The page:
01:13 – About the Bonner Private Wine Club
03:58 – The Origin of Pinot Noir
06:23 – Typical Aromas & Flavors of PN
08:45 – Sideways Craze & Best Pinot Noir Wines
Video Content (partial Transcription):
The Origin of Pinot Noir, Burgundy, France – Chapter 1
With such a French sounding name, Pinot Noir, we are talking here about a grape coming from France.
By the way, a couple details before we dig deeper. How do you say Pinot Noir correctly? Well, in French, we say Pinot Noir. But it’s fine in English or American obviously to say Pinot Noir. As long as you do not pronounce the T to Pinot, do not say Pinot Noir.
Then, yes, Pinot Noir is a type of grape the wine is made from. This grape came from France where it was selected, refined, perfected in the Burgundy wine region.
Burgundy is a rather cold area, one of the coldest wine regions in France, almost as cold as Champagne. Pinot Noir is a grape that grows well only under relatively cool climate, unlike Merlot, Cabernet Sauvignon or Syrah that like warmer weather.
The Aromas & Flavors of Pinot Noir – Chapter 2
The typical flavors and aromas of Pinot Noir are in the spectrum of acidic red berry fruits. Clearly THE term that everyone uses for Pinot, which is the one you should remember if there is one takeaway from this video, this term is ‘griotte’ as we say in French, or more simply sour cherry. Virtually all Pinots have it, so keep it in mind if you want to impress your friends next time you have one. But you’ll find some other red berries, like fresh strawberry or raspberry, blueberries and redcurrant.
Often you’ll find hints of floral aromas like rose petal or violet, and some spices and herbs like white pepper, juniper and peppermint.
Pinot Noir ages and evolves with time in the cellar, it takes on delicious savory notes, earthy characters of truffle of what we call forest flour.When you taste an old pinot, you’re not only taking you imagination through a field of delicate red berries, but also through a foggy and wet forest in a cold morning.
The “Sideways” Craze & Best Pinot Noir Wines – Chapter 3
“Sideways” is probably the most popular wine-focused movie of all times. If you haven’t watched it, take a look at it as it’s fun. It features two friends who take a road trip through the Santa Ynez Valley of California. Miles is a Pinot enthusiast, and he slowly converts his friend Jack who was a Merlot lover, and teaches him to love the lighter Pinots. The movie came out in 2005 and many credit it for boosting the popularity of Pinot Noir around the world, and the decline of Merlot in the US.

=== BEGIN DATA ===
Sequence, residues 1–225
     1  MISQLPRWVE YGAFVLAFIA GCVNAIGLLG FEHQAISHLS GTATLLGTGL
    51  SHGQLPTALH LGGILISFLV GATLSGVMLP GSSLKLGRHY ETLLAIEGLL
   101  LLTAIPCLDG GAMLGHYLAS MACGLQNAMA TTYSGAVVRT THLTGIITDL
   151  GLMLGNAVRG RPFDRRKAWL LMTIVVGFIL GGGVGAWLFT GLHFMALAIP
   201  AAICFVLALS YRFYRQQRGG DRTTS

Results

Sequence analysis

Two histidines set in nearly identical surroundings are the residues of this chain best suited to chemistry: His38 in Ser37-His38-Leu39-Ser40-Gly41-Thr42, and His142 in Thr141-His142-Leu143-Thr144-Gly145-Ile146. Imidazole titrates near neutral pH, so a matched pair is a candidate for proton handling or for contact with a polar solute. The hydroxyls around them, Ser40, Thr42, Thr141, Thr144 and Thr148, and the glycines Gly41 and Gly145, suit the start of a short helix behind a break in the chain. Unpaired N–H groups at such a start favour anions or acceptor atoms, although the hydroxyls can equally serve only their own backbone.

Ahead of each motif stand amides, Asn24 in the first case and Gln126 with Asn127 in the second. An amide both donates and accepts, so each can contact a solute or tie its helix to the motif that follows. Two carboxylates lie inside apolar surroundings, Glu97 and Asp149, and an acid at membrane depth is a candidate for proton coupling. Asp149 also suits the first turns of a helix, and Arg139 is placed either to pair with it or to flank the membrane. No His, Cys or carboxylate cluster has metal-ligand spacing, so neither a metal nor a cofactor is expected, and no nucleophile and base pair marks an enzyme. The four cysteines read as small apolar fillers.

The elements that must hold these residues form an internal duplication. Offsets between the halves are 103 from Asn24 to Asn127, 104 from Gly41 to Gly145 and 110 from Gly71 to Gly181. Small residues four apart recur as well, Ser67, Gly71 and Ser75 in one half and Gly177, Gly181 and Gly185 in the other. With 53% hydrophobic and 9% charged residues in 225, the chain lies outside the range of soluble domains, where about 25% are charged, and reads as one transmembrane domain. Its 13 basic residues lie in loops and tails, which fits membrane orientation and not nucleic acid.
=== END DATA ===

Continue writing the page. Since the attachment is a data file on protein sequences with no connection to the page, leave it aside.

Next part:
Anyhow, before the early 2000s let’s say, there wasn’t all that much Pinot Noir produced around the world outside of Burgundy. A little around Burgundy like in Alsace, in Germany, Switzerland or Italy, but not a lot. Since though, the grape has gone completely mainstream.
In Burgundy, the best Pinot Noirs come from what is called the Cote d’Or area around the city of Beaune. There you’ll find the names of prestigious wine villages that are synonymous with the best and most expensive Pinots in the world like Vosne-Romanée, Pommard, Gevrey-Chambertin or Chambolle-Musigny. Grand Cru Pinot from Burgundy are some of the rarest, most demanded and therefore most expensive wines in the world, with prices easily reaching North of 00 a bottle.
Outside of Burgundy, you’ll have to go to cooler parts of California to find good ones, like some parts of the Sonoma County, the Russian River Valley or the Sonoma Coast, but also the central coast, like Santa Barbara or Santa Ynez valley. Places like Napa valley or the Central Valley of California are just too warm for Pinot. And then Oregon and Washington state also make some wonderful Pinots that you might want to investigate if you want to dig further into it.
As for other countries, New Zealand makes some fantastic Pinot Noirs that are absolutely worth tasting if you come across them, preferably those from Central Otago or Martinborough rather than the Marlborough ones. And finally, some interesting Pinot Noirs come out of the Southern end of South America, from Patagonia to be specific, Chilean and Argentine side of the continent.